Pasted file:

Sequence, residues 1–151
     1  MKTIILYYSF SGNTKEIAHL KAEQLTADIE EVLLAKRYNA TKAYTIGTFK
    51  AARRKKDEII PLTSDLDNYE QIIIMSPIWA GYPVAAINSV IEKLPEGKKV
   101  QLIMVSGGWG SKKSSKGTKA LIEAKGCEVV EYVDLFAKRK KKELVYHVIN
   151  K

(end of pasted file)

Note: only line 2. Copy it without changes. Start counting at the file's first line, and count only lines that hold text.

     1  MKTIILYYSF SGNTKEIAHL KAEQLTADIE EVLLAKRYNA TKAYTIGTFK